Outlook '06: Bullish '06 for olefins in Asia on tight supply

03 January 2006 03:57  [Source: ICIS news]

By Steve Tan

China construction/empicsSINGAPORE (ICIS news)--Asian demand for ethylene and propylene is expected to remain bullish in 2006, with prices for the olefins forecast to be around the four-figure territory on the back of tight regional supply, according to traders and sellers.

The signs were evident towards the tail end of 2005 - olefins traders and producers faced an uphill task in keeping buyers satisfied for 2006 as tight vessel space, a heavy upcoming shutdown schedule and increased buying appetite left many buyers scouring for cargoes.

Nineteen naphtha crackers are to be brought offline from March-October during the traditional turnaround season, compared with 16 scheduled shutdowns in 2005. In Japan, Asia’s largest olefins producer, up to eight out of 15 crackers will be down for an average of a month. This will result in approximately 4.5m tonne of ethylene going offline for an average 30-day period, compared to about 2.9m tonne in 2005.

Any unexpected cracker outage would be sharply felt throughout the region due to the snug balance, added the sources. 

“It’s definitely going to be tight, with over 1m tonne of ethylene demand expected to come into the market,” said Yuha Kodaira, a senior official with Japanese trading house Marubeni Corp, citing new downstream capacities coming on stream in China, Japan and Taiwan.

In Japan, this includes Tosoh Corp’s 400,000 tonne/year vinyl chloride monomer (VCM) unit, Nippon Petrochemicals 150,000 tonne/year metathesis unit, and newly expanded capacities for vinyl acetate monomer (VAM) and acetic acid from Showa Denko. Three new VCM plants in China and the start-up of the world’s largest VAM line (350,000 tonne/year) in Taiwan, Asia’s largest importer of spot ethylene, should also drive up demand.

“The key derivatives affecting the demand would be the polyethylene (PE) and VCM,” said another Tokyo-based olefins trader. Ethylene prices could cross the $1,100/tonne high that they reached in 2005 if the derivatives sectors are healthy, he added.

There was, however, a caveat. Surging prices would be capped by increased price competition downstream, especially in the VCM sector. Approximately 80% of Chinese ethylene spot demand will be from VCM producers, who are struggling to make ends meet in the face of competition from lower-cost acetylene-based PVC makers.

There are also new ethylene capacities coming on stream in 2006. The start-up of CNOOC & Shell Petrochemical Co's (CSPC) new 800,000 tonne/year cracker at Daya Bay, Huizhou, Guangdong province, by February would have little impact on the spot balances as most of its molecules would be for captive use. The other world-scale cracker to come on stream in 2006 is Formosa Petrochemical Corp's (FPCC) 1.2m tonne/year No 6 cracker in Taiwan, most probably in December.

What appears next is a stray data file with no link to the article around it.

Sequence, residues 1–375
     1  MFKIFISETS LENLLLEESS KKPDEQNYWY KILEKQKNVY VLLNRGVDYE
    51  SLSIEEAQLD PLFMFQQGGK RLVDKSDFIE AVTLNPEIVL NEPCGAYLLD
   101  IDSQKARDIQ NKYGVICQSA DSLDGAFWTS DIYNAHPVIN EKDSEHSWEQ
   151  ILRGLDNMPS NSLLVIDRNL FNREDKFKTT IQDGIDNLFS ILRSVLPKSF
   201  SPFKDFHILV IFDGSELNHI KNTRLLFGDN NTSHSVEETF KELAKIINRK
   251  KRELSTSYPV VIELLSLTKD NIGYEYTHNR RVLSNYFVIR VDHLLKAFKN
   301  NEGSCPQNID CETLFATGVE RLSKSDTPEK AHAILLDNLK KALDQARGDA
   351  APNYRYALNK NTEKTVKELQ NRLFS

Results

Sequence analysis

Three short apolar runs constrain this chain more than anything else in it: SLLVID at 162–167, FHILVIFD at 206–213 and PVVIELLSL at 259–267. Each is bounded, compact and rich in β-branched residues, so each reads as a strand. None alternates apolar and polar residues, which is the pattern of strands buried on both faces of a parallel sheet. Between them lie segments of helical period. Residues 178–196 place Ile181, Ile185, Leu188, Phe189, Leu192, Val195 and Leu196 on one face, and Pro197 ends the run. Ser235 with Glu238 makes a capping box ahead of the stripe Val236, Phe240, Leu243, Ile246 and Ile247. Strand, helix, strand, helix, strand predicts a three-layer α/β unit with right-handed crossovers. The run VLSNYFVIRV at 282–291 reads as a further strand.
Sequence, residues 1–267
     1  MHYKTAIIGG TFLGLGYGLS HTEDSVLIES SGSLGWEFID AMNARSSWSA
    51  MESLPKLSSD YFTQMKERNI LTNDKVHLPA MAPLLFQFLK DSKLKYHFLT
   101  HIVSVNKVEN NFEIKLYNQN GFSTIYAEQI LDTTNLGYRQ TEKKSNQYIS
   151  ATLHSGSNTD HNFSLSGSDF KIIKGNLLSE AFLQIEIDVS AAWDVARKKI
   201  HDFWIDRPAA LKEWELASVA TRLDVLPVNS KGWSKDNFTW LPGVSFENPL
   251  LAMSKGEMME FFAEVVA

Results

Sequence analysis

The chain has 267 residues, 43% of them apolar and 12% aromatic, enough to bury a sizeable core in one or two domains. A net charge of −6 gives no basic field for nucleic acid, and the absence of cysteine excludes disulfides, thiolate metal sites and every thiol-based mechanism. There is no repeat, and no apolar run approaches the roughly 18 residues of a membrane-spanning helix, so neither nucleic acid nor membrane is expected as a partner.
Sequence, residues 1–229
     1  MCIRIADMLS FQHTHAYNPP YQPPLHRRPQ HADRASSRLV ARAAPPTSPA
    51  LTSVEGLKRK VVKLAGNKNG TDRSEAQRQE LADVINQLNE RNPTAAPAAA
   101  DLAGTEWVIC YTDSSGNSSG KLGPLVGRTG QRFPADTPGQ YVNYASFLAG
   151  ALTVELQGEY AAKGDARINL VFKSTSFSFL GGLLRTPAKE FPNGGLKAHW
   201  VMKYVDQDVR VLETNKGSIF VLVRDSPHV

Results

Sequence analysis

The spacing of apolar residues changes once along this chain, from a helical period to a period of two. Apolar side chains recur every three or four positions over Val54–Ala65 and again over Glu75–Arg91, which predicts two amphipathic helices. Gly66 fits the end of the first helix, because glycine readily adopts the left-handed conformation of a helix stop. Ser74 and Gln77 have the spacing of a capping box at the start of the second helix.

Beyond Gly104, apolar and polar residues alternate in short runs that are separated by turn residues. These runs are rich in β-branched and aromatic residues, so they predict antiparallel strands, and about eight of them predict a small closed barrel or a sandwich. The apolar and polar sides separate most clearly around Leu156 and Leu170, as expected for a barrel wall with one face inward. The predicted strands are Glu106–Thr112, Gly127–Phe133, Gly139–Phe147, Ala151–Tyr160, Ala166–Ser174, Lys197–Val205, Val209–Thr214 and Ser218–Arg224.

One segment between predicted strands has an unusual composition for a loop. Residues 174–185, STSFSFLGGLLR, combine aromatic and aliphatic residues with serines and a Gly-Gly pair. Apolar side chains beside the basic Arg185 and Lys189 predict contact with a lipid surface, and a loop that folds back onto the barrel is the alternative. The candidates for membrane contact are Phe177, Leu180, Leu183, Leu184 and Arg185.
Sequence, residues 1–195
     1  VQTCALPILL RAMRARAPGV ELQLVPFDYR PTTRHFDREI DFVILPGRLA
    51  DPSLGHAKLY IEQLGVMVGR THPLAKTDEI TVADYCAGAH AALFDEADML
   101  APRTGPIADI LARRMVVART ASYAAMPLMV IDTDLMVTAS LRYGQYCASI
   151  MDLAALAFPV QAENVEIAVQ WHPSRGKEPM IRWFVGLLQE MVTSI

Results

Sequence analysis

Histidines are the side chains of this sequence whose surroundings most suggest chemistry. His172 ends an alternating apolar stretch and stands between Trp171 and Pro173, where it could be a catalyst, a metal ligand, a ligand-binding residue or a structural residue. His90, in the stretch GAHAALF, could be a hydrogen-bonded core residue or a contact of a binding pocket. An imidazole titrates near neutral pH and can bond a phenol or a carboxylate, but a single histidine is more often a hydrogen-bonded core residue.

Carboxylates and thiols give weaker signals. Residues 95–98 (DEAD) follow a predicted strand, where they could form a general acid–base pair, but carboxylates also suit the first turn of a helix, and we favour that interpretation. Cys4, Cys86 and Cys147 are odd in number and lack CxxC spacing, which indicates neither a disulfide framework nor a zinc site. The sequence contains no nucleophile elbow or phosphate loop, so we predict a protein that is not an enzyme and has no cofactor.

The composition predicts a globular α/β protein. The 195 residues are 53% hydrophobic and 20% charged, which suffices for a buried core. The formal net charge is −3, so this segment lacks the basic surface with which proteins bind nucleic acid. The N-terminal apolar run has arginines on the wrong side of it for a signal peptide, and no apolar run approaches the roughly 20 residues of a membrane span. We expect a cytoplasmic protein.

Other cracker expansions are mostly in South Korea, where three of the four cracker shutdowns also involve debottlenecking that adds 475,000 tonne/year ethylene to ease the short domestic supply situation. SK Corp’s No 2 unit will add 25,000 tonne/year, Yeochun NCC’s (YNCC) No 1 cracker will add 350,000 tonne/year, and LG Petrochemical 100,000 tonne/year.

In Southeast Asia, Titan Chemicals in Malaysia will add 50,000 tonne/year to its No 1 cracker, Indonesia's Chandra Asri 70,000 tonne/year by the first half of 2007 and in Singapore, ExxonMobil will add 80,000 tonne/year.

As a co-product of naphtha cracking, propylene supplies are also expected to remain tight due to the numerous cracker shutdowns. In addition, at least two propane dehydrogenation units, one in South Korea and the other in Thailand, will be shut for a month-long maintenance.

“Fundamentally ethylene and propylene is going to be tight, but propylene supply will improve towards the second half of the year as new capacities come on stream,” said a Singapore-based olefins trader.

An additional 17-18 Liquefied Petroleum Gas (LPG) vessels, as well as on-purpose propylene production such as metathesis plants, and deep catalytic crackers, will bring much-needed propylene supplies into the spot markets, he added.

Japan will be Asia’s largest propylene exporter, with Nippon Petrochemicals adding 150,000 tonne/year of net export capability to the country's annual exports of around 200,000/tonne/year. The added capacity will mostly come from its new metathesis unit, which will come on stream by February and supply spot material to term buyers in South Korea, Taiwan and China. FPC will also increase its capacity by around 300,000 tonne/year by June due to improved propylene extraction from its fluid catalytic crackers (FCC) units.

A large amount of that will go to China, which will remain Asia’s biggest importer of spot propylene in terms of volume and number of buyers. End-users from the propylene oxide (PO) and acrylates sectors were said to be able to pay top dollar for small-sized lots of around 1,500 tonne. These buyers led the market in 2005, paying a $20-30/tonne premium over other derivatives. Chinese buyers are expected to increase their demand for spot propylene by as much as 50%, from 200,000 to 300,000 tonne/year partly due to the increased availability from Japan, said a Shanghai-based olefins trader.

By: Steve Tan
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